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Wednesday, January 12, 2011

Another Kitchen Gadget

My last kitchen "gadget of the day" from my stop at Cactus Flower, was a Spiral Slicer for garnishing vegetables - $2.95.  I'm not much on fancy garnishing of vegetables...it is not all that easy in my limited experience...I can do a few things - green onion curls, radishes that look like flowers...but nothing fancy.  I had seen an interesting sort-of accordion sliced potato on an Ina Garten special, Barefoot in London, and I thought this tool might help make the potatoes.  Unfortunately, I can't seem to find the recipe yet...so you may have to stay tuned for an update on that recipe.  But, I did use the spiral slicer on a potato, just to see if it worked "as advertised".  In retrospect - I'm thinking the Barefoot Contessa recipe is likely fan slicing the potato...but I'll wait for the recipe to come out.

Onward to kitchen play time.  The weather is nasty outside (unusual for the coast - but happens a bit in the Winter months) so a perfect day for experimenting in the kitchen.

So, I opened the little gadget and read the instructions on the back.  They say:
1.  Use a knife or a corrugated garnishing tool to cut the vegetable into a cylinder shape.
2.  Insert the screw of the spiral slicer into the center of the top of the vegetable.
3.  Place your finger into the hole and turn the tool clockwise.
4.  Attach the ends of the spiral together with a toothpick.

The Potato spiral can be fried.

Potato Chips:
Potato chips, home fries, or cottage fries can be made from the spiral potato by cutting with a paring knife down the screw hole and making a single cut outward. 

I saw Google search results, while searching for Ina's recipe, that somewhere in the northeast part of the US, spiral potatoes on a skewer are a boardwalk favorite.  I didn't linger long enough to find out how that was done, but it kept cropping up when searching, so it must be true. Ha ha!


Anyway, I cut a rather large russet potato in half, leaving the skin on and cut the small end so it would be flat.  I pushed the screw in and then wound it in pushing with my thumb (being careful not to cut myself on the gadget - one edge is quite sharp).  Then I started turning the tool clockwise as directed.  Easy.  Ha!  I like easy :-)

Knocked out that half potato in nothing flat!  Don't know what I'd do with that twirly piece of potato, but the gadget does work as advertised!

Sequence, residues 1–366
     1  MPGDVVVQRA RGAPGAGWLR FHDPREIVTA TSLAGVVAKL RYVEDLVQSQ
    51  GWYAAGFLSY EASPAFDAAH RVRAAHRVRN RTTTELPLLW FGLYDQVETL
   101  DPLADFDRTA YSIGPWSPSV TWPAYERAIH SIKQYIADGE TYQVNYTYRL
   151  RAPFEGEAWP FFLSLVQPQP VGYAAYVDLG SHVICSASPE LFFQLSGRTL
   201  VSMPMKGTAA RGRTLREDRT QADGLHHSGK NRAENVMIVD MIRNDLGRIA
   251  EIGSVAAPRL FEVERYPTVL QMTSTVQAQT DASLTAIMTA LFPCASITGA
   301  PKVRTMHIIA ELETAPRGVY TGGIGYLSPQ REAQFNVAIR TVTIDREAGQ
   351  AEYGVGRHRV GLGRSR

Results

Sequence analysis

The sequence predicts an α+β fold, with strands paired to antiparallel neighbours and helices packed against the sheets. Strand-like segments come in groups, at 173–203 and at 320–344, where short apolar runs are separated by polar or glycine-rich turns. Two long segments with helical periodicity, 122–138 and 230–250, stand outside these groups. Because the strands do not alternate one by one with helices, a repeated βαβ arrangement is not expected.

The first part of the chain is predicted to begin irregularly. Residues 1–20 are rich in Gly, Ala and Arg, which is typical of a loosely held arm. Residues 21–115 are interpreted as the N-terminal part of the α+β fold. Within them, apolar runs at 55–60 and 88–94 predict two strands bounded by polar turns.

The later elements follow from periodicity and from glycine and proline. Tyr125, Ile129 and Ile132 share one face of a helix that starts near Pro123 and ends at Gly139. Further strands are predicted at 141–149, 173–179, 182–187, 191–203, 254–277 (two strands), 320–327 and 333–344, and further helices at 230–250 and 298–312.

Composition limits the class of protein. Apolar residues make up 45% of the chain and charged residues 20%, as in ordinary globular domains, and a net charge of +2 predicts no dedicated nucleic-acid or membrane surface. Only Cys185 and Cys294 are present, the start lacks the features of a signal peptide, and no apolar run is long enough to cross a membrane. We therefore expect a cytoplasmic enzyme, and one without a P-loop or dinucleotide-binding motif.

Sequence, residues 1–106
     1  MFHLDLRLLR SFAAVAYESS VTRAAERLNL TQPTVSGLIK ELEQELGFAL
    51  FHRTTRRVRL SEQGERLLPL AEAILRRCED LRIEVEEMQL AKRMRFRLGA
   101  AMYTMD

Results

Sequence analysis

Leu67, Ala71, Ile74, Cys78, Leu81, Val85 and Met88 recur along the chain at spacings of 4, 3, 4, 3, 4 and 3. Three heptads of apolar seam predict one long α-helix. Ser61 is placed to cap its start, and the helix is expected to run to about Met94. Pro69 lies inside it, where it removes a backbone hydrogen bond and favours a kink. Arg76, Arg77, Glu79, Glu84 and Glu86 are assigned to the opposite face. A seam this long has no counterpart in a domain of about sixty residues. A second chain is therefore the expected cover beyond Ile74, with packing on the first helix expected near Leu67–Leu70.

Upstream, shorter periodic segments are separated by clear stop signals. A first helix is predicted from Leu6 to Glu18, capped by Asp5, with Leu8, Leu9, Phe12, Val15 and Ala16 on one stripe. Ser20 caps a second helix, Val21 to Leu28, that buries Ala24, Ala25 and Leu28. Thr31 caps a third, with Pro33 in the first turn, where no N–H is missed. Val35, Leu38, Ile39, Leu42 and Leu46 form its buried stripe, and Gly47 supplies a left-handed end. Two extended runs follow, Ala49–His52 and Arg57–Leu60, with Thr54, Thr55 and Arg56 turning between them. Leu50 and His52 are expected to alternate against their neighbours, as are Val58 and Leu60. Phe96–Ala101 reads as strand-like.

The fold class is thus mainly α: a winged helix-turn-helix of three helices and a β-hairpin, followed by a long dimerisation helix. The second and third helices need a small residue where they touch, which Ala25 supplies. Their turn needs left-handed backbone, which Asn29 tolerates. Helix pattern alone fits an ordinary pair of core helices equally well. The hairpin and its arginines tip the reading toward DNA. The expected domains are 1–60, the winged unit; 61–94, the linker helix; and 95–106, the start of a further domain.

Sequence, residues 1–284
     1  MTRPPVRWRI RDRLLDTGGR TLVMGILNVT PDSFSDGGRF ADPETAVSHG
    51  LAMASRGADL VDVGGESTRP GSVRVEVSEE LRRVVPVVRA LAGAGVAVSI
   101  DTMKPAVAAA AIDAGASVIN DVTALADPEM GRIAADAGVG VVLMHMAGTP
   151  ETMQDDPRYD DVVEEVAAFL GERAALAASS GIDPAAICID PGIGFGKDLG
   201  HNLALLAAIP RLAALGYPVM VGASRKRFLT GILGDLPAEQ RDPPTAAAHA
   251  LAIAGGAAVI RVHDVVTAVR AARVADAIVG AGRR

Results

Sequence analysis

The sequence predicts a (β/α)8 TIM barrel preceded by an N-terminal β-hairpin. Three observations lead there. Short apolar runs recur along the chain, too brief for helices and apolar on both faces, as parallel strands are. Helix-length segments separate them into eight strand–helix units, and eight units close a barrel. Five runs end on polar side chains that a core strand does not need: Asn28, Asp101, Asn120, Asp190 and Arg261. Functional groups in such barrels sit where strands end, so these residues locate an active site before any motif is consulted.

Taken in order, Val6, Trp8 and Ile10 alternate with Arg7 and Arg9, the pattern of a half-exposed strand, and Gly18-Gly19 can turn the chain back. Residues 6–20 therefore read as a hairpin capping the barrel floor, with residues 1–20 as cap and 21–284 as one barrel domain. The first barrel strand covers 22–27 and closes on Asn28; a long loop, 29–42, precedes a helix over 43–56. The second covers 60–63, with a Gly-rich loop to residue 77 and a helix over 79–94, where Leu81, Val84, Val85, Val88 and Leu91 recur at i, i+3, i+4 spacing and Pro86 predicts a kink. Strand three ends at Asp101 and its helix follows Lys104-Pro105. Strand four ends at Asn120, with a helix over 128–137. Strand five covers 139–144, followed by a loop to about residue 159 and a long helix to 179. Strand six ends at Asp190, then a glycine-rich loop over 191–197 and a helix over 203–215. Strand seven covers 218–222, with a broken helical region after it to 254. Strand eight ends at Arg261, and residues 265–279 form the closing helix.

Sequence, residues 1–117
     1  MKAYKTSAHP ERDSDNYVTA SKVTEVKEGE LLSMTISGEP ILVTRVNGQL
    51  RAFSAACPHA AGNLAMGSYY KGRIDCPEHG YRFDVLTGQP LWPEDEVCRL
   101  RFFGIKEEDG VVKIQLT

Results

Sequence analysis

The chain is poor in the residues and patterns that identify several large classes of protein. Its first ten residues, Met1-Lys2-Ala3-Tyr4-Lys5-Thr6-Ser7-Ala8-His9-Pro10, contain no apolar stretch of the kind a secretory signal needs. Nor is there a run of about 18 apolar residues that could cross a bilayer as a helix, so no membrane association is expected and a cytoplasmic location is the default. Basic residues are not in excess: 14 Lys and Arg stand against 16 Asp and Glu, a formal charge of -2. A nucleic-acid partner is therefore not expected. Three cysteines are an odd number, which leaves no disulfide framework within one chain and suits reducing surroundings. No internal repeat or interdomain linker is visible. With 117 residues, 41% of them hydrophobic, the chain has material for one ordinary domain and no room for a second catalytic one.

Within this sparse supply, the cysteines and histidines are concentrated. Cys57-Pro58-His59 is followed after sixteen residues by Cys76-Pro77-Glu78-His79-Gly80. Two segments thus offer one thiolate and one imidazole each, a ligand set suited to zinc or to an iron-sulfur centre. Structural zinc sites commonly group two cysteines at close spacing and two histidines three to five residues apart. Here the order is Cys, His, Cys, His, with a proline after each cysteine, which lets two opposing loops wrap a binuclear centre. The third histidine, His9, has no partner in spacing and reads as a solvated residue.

Next, I peeled the other half of potato to see if it made any difference.  Got the screw in, potato starting to get slippery as the starchy liquid starts releasing.  I start twirling, easy to do until I got about half way down then it was so slippery I had to stop, I couldn't hold the potato and the screw was to the end, and would gouge my cutting board if I continued. 

OK - plan to waste about 1 1/2 inches of veg at the end if it is a slippery one....like a peeled cucumber or something.  I think you would have trouble using this on a carrot or other hard veggies too.  If I had a carrot, I'd try...but none available today.



Onwards...what do you do with these???  I don't want to throw them away, and I don't want to fry anything - soooo.... I cut the peeled potato spiral down the center as instructed for potato chips above...and I baked them on a sheet pan after spraying with butter-flavored cooking spray and sprinkling with a combo of season salt, garlic powder and onion powder....at 400 degrees...until "they looked like" they needed to be flipped.  Then finished them off until cooked through. 
Cooled on paper towel...not crispy...but very tasty!  The ring was treated the same way and cooked longer, flipping it was not as easy. 
I think, after seeing it, maybe an interesting alternative to baked potato or steak fries if you were in the mood to serve something unusual as a side potato.  You can see that they sort of collapsed though. The flavor was actually better on these - the skin had a bit of a crunch - but you'd need to cut them with a knife and fork ... I don't know...could be worth the effort if you have the need for your food to look fancy :-)  I really don't. 

I also tried this on a Gala apple - thinking this might be a great alternative to slicing apples for a tart or pie.  No go...the screw doesn't hold.  Maybe a firmer apple might work, but the ripe Gala did not.
I guess the final words on the spiral slicer are...it did what it was advertised to do.  It was fairly easy.  The firmness of the flesh, and having something for the screw to grip are prime in the effectiveness of the tool.  Give it a try if you like to play in the kitchen.  It's just $2.95!

See ya later gators - I've spent 3 hours messing with this, eating baked potato chips and apple remnants...I gotta go get a life :-)
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